If, like Martyr, you’ve successfully proven the value of your concept, then you’re now at the stage of your business where you can start thinking more about your product. A company that has progressed into the next phase has successfully provided enough value to early stage investors or clientele that you need to start thinking about creating the first version of your digital product.
Is the first version of your product the prototype, the MVP, or both?
Let’s break down these terms and a take a look at how they work together.
Let’s start by defining prototype. According to the Merriam-Webster dictionary, a prototype is a first, typical or preliminary model of something, from which other forms are developed or copied. In our process, a prototype is the completed visual representation of how the digital product will look, feel, and interact once it’s programmed. A prototype for a digital product is not a functional app. It’s not built with code, and doesn’t work with live data. Instead, it uses images linked together in a program like InvisionApp to simulate the experience of an application.
Once an experienced UX/UI team has created a prototype for you, you can then share it with groups of prospective users and go through loops of feedback and revisions to optimize the prototype. Doing some user testing and getting feedback on your prototype is crucial. As nothing has been coded yet, it’s relatively cheap and easy to make substantial changes at this stage, which may not be the case when you have a real application. You should gather feedback from your users and other stakeholders, and use it to refine the prototype. Once you have your revised prototype, you can start looking into development and turning your prototype into an MVP!
So what exactly is an MVP?
A minimum viable product or “MVP” is a fully functioning and market-ready product that is developed with only the features necessary to satisfy the early adopters (your first batch of real consumers) and directly address the problem and opportunity in the market. Think of it as your prototype brought to life through code.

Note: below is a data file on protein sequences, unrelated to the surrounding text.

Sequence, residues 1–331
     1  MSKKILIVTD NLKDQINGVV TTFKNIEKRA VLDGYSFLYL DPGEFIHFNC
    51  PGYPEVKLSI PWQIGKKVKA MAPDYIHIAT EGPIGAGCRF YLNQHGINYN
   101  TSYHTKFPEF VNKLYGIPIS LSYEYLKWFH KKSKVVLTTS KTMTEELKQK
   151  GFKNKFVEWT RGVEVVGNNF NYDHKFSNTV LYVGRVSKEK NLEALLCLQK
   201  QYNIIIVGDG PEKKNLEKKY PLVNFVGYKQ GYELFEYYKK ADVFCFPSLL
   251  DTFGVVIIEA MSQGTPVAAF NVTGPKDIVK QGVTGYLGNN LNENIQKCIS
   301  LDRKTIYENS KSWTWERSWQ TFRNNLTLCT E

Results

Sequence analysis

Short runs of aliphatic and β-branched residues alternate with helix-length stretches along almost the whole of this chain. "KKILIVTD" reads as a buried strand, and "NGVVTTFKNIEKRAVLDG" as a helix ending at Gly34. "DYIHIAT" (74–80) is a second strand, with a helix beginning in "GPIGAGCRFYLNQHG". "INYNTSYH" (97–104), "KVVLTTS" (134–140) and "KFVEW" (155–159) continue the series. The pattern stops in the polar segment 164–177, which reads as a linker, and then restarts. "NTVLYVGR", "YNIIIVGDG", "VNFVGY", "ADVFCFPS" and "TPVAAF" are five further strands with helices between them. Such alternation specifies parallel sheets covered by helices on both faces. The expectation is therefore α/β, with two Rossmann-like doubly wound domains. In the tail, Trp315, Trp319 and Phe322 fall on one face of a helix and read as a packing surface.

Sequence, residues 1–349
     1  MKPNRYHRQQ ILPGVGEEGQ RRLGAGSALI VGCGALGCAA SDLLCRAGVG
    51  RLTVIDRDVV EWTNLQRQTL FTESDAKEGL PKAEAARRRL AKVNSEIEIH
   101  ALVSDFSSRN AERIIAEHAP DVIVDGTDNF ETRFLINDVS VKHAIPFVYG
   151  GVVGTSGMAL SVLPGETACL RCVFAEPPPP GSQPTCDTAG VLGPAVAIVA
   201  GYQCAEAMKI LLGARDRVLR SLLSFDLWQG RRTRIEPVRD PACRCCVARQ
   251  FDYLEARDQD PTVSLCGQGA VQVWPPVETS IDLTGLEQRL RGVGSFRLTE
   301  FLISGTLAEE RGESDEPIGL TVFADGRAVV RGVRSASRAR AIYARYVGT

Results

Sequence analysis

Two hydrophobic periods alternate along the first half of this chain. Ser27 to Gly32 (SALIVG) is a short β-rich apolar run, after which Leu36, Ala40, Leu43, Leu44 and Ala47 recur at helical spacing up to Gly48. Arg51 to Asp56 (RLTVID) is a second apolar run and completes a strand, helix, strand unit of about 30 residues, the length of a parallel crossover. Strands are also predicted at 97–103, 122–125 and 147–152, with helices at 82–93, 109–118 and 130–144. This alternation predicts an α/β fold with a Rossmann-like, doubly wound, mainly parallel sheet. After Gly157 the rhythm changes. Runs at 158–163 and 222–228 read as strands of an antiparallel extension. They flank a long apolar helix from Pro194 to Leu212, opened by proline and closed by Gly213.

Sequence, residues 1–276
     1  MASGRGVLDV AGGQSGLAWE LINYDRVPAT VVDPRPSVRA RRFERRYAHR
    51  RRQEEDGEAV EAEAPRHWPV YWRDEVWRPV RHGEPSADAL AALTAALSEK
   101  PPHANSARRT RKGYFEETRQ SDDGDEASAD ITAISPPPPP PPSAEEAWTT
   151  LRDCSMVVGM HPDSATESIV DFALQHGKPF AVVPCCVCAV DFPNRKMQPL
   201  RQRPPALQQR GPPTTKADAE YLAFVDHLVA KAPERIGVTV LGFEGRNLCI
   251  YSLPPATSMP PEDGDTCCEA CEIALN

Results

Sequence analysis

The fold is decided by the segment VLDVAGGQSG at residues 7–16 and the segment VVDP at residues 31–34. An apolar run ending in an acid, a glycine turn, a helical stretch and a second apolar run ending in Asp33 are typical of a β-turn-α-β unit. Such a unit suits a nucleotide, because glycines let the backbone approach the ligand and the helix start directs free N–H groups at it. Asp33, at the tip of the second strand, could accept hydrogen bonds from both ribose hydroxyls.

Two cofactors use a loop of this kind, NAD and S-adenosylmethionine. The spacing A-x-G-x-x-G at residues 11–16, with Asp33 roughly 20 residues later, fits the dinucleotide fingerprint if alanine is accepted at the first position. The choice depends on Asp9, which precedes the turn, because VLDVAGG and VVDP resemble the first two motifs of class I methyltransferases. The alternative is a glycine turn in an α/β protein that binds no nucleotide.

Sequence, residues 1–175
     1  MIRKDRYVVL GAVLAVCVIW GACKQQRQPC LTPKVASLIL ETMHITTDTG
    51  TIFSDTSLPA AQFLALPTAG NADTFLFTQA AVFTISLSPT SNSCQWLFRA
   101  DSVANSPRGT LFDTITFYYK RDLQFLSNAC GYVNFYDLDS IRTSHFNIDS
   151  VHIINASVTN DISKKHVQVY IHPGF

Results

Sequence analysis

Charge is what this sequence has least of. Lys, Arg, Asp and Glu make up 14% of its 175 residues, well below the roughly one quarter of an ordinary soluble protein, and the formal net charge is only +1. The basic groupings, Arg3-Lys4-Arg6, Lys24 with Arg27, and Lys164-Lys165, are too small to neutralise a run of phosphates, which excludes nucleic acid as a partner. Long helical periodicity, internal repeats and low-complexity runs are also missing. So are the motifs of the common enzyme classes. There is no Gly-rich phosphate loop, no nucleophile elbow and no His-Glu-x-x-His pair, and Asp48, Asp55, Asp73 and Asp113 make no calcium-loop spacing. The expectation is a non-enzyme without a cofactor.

The purpose of an MVP is to have as lean of a product as you can in the marketplace so that you can learn what features, functions, interactions, and experiences the market actually demands, as opposed to which of those things you assume the market would demand. You want to prevent the bloat of your application by strictly giving users access to core functionality, and only later building additional features when you’re certain that they will be useful.
It’s easy to get confused by the dense terminology of the tech world, especially when different people will propose different definitions for the same word. When it comes to defining preliminary versions of your product, it’s most important to think about PoC vs MVP vs Prototype in the context of what stage your business is in. A proof of concept for a tech company isn’t their product, it’s the validation of their business model (however that is done). Once a concept has been proven valid and creating a digital product is proven necessary, the process starts with prototyping and designing. After you’ve created an interactive prototype, and completed a significant amount of user testing in the prototype phase (cheaper, faster, and more effective), you can begin developing an MVP with a core feature set. User feedback will then guide your next steps as you iterate on your product and continue to grow.
A working knowledge of these terms will help you both in speaking with investors and agencies, and with understanding how your business can best bring value to your customers.